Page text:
A sphere of influence (SOI), in regard to international relations, is an area, geographical or conceptual, over which a state or organization exerts significant cultural, economic, military, or political influence beyond its home borders. It may be, but is by no means necessarily the product of formal treaties, and in the modern setting is generally a demonstration of soft power. In its more extreme cases, countries within the sphere of influence of another may be rendered subsidiary to that state, such as in a hegemonic relationship.

Imperium Offtopicum does not subscribe to this definition.

Typically, players who use the term "sphere of influence" apply it to the zone in which they intend to expand into unclaimed territory, under the principle of "first come, first serve". The primary method of enforcing these claims is threat of war, which generally works in the early game when countries are still fledgling. The validity of spheres of influence remains highly contested, with opponents arguing it carves up the map on the first turn, and is especially hostile to players joining later in the game by denying them otherwise free land.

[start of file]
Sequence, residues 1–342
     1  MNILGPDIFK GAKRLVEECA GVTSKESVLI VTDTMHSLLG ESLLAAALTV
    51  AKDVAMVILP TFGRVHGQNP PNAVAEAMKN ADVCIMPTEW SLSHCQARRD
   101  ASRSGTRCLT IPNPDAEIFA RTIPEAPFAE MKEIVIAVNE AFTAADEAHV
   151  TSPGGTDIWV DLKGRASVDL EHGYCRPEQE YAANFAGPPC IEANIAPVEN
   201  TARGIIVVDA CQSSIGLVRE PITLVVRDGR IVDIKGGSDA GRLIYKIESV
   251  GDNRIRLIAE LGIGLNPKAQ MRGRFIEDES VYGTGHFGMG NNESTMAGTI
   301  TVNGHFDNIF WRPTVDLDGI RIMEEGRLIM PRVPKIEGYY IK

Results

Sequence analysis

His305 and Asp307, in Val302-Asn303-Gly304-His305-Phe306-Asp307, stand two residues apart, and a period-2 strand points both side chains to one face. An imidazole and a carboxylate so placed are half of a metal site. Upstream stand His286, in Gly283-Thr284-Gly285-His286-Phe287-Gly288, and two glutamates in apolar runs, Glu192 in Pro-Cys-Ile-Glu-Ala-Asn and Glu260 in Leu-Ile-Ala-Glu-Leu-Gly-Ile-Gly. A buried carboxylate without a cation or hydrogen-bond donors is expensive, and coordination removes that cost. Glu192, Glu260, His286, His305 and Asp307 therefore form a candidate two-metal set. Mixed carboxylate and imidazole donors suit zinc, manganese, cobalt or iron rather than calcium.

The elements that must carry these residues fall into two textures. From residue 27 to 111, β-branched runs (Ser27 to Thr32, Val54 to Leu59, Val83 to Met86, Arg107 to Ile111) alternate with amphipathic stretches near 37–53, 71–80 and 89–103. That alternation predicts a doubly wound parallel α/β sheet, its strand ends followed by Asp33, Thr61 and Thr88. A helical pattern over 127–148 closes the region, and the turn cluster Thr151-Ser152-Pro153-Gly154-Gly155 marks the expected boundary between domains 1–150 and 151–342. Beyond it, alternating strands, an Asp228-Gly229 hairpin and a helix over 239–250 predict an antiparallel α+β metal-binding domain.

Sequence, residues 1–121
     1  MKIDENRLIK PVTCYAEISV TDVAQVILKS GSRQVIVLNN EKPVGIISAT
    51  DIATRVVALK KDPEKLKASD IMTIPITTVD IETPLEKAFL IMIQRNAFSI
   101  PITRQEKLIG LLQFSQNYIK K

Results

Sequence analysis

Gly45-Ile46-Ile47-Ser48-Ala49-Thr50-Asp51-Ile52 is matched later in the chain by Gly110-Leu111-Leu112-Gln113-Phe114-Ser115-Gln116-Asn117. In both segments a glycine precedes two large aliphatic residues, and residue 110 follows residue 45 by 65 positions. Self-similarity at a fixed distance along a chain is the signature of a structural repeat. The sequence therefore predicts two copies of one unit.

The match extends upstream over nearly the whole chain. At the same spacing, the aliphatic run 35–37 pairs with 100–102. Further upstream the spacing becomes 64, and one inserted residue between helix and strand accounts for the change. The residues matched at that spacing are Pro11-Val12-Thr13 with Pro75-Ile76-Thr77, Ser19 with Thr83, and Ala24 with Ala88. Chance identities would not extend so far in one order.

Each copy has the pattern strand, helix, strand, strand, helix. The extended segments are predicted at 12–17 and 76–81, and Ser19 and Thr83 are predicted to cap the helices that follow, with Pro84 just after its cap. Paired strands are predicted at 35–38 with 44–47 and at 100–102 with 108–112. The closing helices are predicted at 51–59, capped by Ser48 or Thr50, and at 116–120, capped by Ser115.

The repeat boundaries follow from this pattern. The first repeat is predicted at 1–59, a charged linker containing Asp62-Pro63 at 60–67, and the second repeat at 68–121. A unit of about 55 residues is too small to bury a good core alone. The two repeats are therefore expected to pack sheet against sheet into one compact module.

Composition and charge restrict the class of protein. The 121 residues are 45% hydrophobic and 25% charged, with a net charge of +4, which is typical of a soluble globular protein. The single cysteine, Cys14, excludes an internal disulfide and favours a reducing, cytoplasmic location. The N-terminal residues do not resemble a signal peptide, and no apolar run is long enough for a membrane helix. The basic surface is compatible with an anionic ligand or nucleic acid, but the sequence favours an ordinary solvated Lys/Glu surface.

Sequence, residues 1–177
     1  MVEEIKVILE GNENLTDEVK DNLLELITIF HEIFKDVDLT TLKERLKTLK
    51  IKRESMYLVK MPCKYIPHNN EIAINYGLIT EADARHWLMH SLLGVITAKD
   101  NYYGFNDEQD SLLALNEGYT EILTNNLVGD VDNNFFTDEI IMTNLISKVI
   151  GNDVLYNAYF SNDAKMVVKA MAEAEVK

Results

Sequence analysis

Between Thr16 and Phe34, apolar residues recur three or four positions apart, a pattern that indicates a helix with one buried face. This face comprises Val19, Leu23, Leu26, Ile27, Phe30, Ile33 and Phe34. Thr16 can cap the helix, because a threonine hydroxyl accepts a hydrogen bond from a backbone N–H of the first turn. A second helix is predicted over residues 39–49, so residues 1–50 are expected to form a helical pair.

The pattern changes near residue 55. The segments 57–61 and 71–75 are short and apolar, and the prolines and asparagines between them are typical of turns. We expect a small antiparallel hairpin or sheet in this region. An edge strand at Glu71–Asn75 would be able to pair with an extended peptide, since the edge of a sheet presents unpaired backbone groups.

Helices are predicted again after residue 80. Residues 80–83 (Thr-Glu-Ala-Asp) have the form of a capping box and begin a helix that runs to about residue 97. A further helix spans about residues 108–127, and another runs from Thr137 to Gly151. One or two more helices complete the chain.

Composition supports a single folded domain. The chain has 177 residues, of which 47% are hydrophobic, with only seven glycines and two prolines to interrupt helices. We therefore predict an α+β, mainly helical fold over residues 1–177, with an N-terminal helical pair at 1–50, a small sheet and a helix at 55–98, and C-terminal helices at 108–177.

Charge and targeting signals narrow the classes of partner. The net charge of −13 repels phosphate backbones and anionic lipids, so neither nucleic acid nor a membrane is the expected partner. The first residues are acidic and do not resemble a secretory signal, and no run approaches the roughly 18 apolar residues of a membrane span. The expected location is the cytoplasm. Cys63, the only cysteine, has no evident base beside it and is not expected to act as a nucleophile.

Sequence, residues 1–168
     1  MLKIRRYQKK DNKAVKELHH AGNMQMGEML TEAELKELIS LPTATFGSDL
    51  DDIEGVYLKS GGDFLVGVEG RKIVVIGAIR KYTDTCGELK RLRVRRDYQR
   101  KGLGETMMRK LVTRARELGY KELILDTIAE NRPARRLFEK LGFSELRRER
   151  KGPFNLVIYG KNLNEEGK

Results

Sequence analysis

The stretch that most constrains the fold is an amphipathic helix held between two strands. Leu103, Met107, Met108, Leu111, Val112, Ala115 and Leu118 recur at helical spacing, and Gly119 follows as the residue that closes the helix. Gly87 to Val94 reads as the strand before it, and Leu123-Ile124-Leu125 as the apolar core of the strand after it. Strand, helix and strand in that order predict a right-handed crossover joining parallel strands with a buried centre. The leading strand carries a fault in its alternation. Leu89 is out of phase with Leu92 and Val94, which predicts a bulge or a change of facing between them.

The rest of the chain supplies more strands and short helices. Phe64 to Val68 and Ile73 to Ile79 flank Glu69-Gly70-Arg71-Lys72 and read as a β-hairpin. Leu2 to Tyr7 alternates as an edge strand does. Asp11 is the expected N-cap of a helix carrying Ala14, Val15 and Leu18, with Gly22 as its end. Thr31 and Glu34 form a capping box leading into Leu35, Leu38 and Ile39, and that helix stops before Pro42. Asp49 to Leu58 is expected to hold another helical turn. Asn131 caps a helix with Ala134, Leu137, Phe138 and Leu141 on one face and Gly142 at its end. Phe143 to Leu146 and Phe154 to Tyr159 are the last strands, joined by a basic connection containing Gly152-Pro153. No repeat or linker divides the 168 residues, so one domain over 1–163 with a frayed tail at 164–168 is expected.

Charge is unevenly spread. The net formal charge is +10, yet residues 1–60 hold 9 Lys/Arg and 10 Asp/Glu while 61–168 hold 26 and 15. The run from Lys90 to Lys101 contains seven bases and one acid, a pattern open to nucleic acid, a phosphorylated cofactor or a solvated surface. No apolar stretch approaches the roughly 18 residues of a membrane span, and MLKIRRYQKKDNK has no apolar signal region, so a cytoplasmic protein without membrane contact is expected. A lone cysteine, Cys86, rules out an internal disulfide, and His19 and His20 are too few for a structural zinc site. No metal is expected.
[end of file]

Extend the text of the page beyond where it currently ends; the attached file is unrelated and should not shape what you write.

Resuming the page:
Spheres of influence in their IR sense nonetheless occur within IOT, even if they are curiously never referred to as such: they were a chief precipitate of conflict between the alliances of GUN, NADTA, and the Japan-Eastern Federation pact in IOT4 when nations from one continent attempted to settle another.

The casus belli system, instituted on and off in various games, attempts to remedy this, by making it so going to war over a supposed SoI will cause the aggressor nation serious penalties.

Robert Can't made spheres of influence a coded mechanic in The Spirit of Man and its sequel, representing player relations with non-player countries. Taniciusfox's client state mechanic can be seen as a variation on the concept.